The Village of Pemberton (VOP) held a public hearing on Tuesday, Aug. 1 to discuss an amendment to a zoning bylaw designed to keep retail in the community’s downtown. Only two members of the public appeared to voice concerns about the proposed amendment.
The bylaw originally called for the retail along Portage Road to be that which "specialize in goods and articles that are used in the pursuit of outdoor recreation and leisure activities."
The bylaw was put in place following development of residential/retail buildings along the road that leads from Highway 99 into downtown. Village merchants were concerned that the new retail spaces would divert consumer traffic. The issue re-surfaced earlier this year with the appearance of a children’s clothing store on the street. The store, Lil Spuds, was granted an exemption from the bylaw.
The proposed amendment, which received third reading at the VOP council meeting, also on Aug 1, contains an expanded definition of what constitutes outdoor recreation and leisure activities. The new wording calls for retail that: "specializes in the selling, renting and repairing of goods and articles that are used in the pursuit of recreation and leisure activities of the outdoor variety, such as skiing, snowboarding, cycling and mountain biking, hiking, mountain climbing, kayaking and canoeing, and other similar activities, and would exclude stores where the merchandise in not the principal focus of such activities."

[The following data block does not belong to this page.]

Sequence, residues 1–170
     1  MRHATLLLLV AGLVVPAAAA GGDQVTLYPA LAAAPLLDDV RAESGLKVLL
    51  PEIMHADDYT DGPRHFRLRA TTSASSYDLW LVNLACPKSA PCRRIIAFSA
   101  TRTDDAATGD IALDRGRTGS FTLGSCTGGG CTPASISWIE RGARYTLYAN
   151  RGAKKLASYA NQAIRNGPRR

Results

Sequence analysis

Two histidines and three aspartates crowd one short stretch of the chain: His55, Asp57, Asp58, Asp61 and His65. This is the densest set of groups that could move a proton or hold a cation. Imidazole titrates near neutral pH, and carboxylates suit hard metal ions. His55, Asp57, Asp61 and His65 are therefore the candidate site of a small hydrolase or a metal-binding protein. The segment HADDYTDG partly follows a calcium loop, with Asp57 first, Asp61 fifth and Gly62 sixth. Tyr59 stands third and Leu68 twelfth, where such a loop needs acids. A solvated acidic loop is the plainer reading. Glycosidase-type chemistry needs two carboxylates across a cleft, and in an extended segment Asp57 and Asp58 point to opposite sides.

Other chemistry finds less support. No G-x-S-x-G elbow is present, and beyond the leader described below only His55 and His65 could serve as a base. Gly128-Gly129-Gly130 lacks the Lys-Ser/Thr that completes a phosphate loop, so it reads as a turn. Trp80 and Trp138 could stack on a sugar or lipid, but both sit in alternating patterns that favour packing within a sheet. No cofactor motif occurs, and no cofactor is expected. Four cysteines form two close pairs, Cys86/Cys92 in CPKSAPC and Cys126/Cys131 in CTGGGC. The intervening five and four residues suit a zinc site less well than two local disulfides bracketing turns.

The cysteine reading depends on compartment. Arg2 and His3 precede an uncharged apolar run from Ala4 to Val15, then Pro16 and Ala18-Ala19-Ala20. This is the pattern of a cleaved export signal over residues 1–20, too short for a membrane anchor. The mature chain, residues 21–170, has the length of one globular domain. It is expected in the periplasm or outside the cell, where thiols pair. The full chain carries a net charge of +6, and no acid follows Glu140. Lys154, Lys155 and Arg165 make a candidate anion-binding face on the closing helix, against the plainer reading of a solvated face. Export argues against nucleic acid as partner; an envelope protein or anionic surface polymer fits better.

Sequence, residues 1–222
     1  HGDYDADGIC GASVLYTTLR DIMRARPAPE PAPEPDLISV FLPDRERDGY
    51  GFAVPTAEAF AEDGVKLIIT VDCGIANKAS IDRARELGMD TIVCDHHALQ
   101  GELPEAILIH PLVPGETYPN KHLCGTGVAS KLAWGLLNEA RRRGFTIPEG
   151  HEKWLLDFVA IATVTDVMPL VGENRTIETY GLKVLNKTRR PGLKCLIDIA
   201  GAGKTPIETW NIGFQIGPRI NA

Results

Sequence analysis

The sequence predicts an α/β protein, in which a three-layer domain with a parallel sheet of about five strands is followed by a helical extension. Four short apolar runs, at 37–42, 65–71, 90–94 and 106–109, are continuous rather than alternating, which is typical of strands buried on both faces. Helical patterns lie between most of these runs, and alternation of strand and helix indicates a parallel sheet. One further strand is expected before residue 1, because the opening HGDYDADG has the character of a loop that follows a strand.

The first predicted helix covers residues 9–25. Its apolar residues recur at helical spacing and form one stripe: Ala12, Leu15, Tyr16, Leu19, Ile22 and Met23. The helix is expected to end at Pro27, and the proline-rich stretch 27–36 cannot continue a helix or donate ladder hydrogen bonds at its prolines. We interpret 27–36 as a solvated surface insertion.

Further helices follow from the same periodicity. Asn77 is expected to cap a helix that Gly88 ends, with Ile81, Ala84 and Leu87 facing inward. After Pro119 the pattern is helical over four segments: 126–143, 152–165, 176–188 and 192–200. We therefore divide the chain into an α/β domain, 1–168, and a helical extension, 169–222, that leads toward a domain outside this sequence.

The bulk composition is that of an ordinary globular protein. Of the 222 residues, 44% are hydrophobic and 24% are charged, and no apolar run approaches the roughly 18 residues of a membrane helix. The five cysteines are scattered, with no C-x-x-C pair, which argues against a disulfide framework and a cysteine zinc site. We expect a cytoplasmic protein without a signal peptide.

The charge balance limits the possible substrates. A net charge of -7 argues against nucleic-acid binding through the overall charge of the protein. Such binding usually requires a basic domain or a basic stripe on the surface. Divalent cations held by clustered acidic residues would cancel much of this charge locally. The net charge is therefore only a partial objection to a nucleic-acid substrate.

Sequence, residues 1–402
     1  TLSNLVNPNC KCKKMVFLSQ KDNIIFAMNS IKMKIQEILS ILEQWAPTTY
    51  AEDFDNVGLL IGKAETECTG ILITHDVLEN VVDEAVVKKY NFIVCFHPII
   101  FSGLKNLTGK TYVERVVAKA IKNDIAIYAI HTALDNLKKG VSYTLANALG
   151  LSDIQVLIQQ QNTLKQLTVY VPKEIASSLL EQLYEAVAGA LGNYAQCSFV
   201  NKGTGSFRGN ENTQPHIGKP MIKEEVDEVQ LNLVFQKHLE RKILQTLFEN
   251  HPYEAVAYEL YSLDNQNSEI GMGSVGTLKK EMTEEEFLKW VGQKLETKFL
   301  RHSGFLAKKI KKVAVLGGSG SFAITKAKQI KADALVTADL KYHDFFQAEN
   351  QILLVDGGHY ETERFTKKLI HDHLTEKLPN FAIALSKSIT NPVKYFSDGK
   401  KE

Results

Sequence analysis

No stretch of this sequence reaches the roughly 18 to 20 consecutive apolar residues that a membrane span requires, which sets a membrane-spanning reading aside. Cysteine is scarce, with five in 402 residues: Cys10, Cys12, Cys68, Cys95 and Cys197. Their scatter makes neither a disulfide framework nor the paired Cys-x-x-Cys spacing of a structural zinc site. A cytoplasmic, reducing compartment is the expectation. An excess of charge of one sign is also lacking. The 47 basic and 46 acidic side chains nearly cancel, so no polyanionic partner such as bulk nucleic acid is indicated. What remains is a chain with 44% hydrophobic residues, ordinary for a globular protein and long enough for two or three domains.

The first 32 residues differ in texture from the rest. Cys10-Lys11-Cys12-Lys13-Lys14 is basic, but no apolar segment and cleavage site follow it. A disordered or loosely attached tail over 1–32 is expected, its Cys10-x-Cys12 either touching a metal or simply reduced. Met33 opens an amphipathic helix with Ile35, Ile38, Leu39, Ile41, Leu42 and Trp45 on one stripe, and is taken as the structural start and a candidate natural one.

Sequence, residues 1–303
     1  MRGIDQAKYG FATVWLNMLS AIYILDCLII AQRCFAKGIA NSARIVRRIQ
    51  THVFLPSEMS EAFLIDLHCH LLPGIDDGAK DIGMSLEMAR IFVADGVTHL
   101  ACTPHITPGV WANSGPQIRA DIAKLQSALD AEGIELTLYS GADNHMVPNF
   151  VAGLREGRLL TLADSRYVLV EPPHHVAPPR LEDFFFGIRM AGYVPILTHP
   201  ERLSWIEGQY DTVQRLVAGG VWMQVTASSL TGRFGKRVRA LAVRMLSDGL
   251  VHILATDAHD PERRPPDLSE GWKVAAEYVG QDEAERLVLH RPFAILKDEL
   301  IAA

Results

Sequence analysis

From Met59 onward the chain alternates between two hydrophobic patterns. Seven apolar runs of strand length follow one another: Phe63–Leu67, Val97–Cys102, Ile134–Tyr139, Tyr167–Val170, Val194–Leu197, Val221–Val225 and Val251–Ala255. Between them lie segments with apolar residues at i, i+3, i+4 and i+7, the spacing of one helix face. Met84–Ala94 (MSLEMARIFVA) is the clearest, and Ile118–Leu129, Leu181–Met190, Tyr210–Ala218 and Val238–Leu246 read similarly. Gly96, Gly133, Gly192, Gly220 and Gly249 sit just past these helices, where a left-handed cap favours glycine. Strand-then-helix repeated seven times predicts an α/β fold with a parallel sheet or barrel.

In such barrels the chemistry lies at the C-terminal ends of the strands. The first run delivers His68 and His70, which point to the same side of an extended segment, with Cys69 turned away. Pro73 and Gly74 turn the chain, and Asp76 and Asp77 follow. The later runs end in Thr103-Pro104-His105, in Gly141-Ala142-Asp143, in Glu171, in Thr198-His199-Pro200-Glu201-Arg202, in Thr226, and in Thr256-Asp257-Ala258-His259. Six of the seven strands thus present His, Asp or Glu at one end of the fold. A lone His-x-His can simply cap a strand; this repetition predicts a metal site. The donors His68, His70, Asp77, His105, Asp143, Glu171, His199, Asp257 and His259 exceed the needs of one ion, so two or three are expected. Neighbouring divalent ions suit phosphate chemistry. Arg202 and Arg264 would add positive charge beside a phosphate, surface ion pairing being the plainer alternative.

The narrow range for potential retail in the C3 zone was surprising to one of the attendees.
"Is our retail zoning to the point where we define retail zoning in sub-categories in the Village of Pemberton? I wouldn’t have thought we needed to classify retail so succinctly," suggested Paul Edgington.
Mayor Jordan Sturdy and David Allen, director of development services for the VOP, explained the history of the bylaw and that its intent was to keep the community’s core from moving to the junction of Portage Road and Highway 99.
Another concern, which Mayor Sturdy noted, came from Lisa Ames. Ames was concerned that a number of the owners of the strata units, as well as other development stakeholders, live outside the community and would not have been aware of the hearing. She suggested that an appropriate course of action would have been to notify these individuals by mail.
Legally, the VOP only has to advertise the meeting in local newspapers.
The amendment is scheduled to receive fourth and final reading at the next regularly scheduled council meeting, Tuesday, Aug 15.